So You Want to Go to Grad School? Part IV: Surviving and Thriving

So you want to apply to grad school? Are you sure? You read PART I: On Deciding to Apply and PART II: On How to Apply, and PART III: Are You Sure? The fourth post of this series is about how to not just survive BUT THRIVE in grad school!!!

Some of the details may be particularly useful to students pursuing history degrees, especially food history. However, most of these tips are applicable for other humanities and social science degrees.

How can you survive grad school? It's a long haul-- especially the PhD. 

Enjoy the pump-up song Love Myself by Hailee Steinfeld as the soundtrack to this post. Listening to overly- poppy, pop music that celebrates faux-self empowerment at the sake of collective healing from exploitative capitalism is a self care strategy for surviving grad get used to it. 

Tip #1: It is a marathon. Pace yourself.

You don't start a 42 km race focused on the finish line. If at the starting gun you already are fixated on the race being over, you will make yourself miserable. It is about the process. One kilometer at a time. Step by step. 

During grad school it will be important that you look ahead to the future. You have to keep in mind the next step and the next mile so you don't trip and fall. Long term thinking is important to finishing. However, if you think about EVERYTHING you have to do all the time (and yes it is A LOT) you will feel overwhelmed.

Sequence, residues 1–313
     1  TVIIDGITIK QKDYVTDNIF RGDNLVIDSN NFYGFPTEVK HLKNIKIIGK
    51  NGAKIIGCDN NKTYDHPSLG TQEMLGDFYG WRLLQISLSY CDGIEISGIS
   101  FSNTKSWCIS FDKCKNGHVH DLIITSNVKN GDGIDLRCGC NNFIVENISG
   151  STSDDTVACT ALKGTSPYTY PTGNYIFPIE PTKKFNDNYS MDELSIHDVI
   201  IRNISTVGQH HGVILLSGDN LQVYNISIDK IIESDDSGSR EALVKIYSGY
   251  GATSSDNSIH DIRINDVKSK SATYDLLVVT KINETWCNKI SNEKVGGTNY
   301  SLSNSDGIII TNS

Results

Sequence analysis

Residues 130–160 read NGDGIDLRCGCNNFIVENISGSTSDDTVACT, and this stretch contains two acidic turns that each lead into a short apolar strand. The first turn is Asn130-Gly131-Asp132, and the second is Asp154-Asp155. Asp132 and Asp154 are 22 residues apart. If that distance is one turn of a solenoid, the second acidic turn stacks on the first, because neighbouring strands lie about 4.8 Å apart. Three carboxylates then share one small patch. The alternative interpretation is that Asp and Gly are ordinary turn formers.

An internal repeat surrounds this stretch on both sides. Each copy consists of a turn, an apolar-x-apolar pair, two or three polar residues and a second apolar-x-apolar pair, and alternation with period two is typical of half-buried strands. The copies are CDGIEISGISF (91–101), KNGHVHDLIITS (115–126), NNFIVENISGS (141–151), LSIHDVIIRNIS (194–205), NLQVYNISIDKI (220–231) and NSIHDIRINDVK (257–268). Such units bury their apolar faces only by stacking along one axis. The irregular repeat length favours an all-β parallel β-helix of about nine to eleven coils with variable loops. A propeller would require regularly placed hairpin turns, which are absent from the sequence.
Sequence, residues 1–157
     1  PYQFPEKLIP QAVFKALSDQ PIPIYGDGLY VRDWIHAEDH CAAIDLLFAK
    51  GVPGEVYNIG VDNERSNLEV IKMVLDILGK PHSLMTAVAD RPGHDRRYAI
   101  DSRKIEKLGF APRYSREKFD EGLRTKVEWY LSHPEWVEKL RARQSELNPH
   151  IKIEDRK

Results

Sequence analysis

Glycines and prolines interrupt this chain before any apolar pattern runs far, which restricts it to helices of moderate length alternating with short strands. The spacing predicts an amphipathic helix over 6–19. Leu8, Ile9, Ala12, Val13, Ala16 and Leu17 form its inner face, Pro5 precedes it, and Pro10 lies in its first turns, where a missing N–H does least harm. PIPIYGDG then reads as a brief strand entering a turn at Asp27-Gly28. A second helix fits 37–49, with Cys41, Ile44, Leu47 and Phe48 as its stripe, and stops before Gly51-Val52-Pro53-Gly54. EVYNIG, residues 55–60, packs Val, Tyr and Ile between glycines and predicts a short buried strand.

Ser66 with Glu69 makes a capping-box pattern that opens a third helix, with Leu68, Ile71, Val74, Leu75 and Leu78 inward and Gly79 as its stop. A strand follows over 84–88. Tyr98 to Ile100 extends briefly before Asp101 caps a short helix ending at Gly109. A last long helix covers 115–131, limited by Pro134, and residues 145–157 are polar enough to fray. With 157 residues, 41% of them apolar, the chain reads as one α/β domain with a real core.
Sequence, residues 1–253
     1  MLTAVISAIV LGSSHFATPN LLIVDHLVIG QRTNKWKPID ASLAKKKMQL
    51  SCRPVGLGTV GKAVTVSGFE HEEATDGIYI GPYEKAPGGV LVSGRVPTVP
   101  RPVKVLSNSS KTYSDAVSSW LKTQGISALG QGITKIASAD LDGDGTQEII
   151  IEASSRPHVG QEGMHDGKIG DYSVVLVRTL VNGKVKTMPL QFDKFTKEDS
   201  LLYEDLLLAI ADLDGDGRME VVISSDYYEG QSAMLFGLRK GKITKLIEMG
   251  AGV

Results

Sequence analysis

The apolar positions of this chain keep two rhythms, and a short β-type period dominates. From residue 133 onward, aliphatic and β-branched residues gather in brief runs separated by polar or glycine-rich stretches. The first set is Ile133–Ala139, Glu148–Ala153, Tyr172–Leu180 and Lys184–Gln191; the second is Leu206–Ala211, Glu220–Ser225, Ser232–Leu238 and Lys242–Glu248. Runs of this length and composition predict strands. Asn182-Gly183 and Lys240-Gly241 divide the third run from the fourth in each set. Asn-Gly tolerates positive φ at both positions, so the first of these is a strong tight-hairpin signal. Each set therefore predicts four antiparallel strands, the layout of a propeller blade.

If you have never run a marathon before, completing a race might seem impossible at the moment. But you can take one step, right?

Make a list of the smaller tasks you have to accomplish and you will soon chip away at your to-do list. 1,320 steps later and you have completed a km. 56,100 steps and BAM- marathon done!

You've got to learn to enjoy the process (and pain is part of the process). 

Write a task list/ calendar of what you need to accomplish this week, this month, this year, and by the end. It's okay if this list/ calendar shifts over time. Having some kind of plan will help you reach your goals.

On this document, include:
- list of archives you want to visit (or however you will collect your evidence/ data)- KEY: if your department or faculty offers research travel stipends, I highly recommend you write the deadlines for these award contests on your calendar. The more research you have done in advance will make applying for research travel funding easier. 

- upcoming conferences that you want to present at (as well as the deadlines to submit the abstract). KEY:  if your department or faculty offers conference travel stipends, I highly recommend you write the deadlines for these award contests on your calendar. 

- articles you want to write and submit (KEY TIP: submit an abstract to a conference, get accepted so you have to actually write the presentation, you will get feedback on that presentation at the conference, use that presentation to become a future article for publication or a dissertation chapter (or both!) I have found that an upcoming conference is one of the best ways to motivate myself to write. )

- internal department deadlines: do you have to submit a thesis proposal and defend it? Do you have language requirements? course requirements? Find out these deadlines in advance